CMOs, or Chief Medical Officers, oversee doctors and hospital operations. Depending on the nature of the CMO posting, these officials may also provide medical advisement to national governments and medical organizations. The CMO is the head of a country's medical services--a posting known as the Surgeon General in the United States. Chief Medical Officers also exist at the local level to aid in hospital administration and provide oversight for hospital personnel.
Typical qualifications for A CMO position include an advanced medical degree in addition to significant experience in managing others. As it is most commonly an administrative position, the CMO does not normally administer direct medical care to patients. The advanced medical degree exists as a qualifier because it demonstrates candidates possess a deep understanding of medical care as well as a high likelihood of having been a part of the medical administration system. CMOs also help new doctors become acclimated to hospitals, as well as provide advisement on local medical cases and serve as a liaison between doctors and hospital administration.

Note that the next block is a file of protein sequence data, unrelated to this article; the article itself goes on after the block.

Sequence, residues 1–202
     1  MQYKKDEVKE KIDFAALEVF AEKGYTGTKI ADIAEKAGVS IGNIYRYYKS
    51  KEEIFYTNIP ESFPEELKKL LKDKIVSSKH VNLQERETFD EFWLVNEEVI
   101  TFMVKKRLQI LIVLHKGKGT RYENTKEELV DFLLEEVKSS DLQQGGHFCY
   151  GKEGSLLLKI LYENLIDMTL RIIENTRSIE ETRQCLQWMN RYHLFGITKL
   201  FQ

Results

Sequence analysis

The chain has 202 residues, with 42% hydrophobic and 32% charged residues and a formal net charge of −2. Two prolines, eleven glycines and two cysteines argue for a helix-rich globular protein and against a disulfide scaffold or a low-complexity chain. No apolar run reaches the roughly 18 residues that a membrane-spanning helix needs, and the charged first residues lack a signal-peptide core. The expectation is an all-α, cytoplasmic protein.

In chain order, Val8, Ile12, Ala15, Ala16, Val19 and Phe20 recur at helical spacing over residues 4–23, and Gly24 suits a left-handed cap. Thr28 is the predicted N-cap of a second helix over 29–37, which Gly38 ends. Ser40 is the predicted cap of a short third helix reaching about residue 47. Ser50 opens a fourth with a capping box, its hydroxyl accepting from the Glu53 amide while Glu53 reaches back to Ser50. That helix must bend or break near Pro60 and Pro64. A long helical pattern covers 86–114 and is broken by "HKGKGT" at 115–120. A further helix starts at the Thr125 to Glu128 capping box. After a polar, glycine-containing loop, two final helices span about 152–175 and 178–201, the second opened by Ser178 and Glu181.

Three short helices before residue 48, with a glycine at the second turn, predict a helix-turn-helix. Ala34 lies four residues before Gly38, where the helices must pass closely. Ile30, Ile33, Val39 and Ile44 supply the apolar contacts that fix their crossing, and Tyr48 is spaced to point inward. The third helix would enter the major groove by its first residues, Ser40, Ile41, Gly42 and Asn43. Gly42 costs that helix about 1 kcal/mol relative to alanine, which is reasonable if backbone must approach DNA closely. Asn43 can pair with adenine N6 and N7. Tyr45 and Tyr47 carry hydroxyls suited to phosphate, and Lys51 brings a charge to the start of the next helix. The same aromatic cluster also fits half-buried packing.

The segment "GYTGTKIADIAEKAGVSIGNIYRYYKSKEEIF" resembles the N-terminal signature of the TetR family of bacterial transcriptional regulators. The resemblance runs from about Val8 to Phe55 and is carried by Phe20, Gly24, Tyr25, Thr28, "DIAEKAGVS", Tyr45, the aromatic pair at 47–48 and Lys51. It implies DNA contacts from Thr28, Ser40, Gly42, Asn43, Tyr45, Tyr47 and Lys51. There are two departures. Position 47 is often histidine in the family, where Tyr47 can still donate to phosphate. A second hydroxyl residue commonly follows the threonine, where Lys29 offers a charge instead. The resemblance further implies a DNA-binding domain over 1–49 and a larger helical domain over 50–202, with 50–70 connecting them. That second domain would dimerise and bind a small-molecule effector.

The CMO position is regarded as a leadership position within hospital administration. As such, qualifications often necessitate multiple years' experience in managerial affairs. Qualified candidates should be able to relate to medical personnel in all fields, not merely those that share a particular candidate's former practicing medical background. Excellent interpersonal skills are also crucial. CMOs are continuously in communication with hospital staff, legislators, and hospital administration.
Another major responsibility of the CMO is to ensure that hospital personnel are delivering quality care for all patients. This may involve teaching hospital policies and procedures to new personnel. Financially, CMOs may determine payroll wages for hospital employees in addition to managing the hospital's budget. Beyond these daily responsibilities, CMOs typically meet frequently with hospital committee chairpersons and trustee boards. These meetings can range widely in their purpose, from departmental quality assurance in patient care to generating ideas on how to improve a hospital's financial performance. Hospital medical directors communicate often with the CMO to coordinate hospital efforts with local community clinics. The CMO may also be responsible for implementing any new training programs or policies for hospital personnel.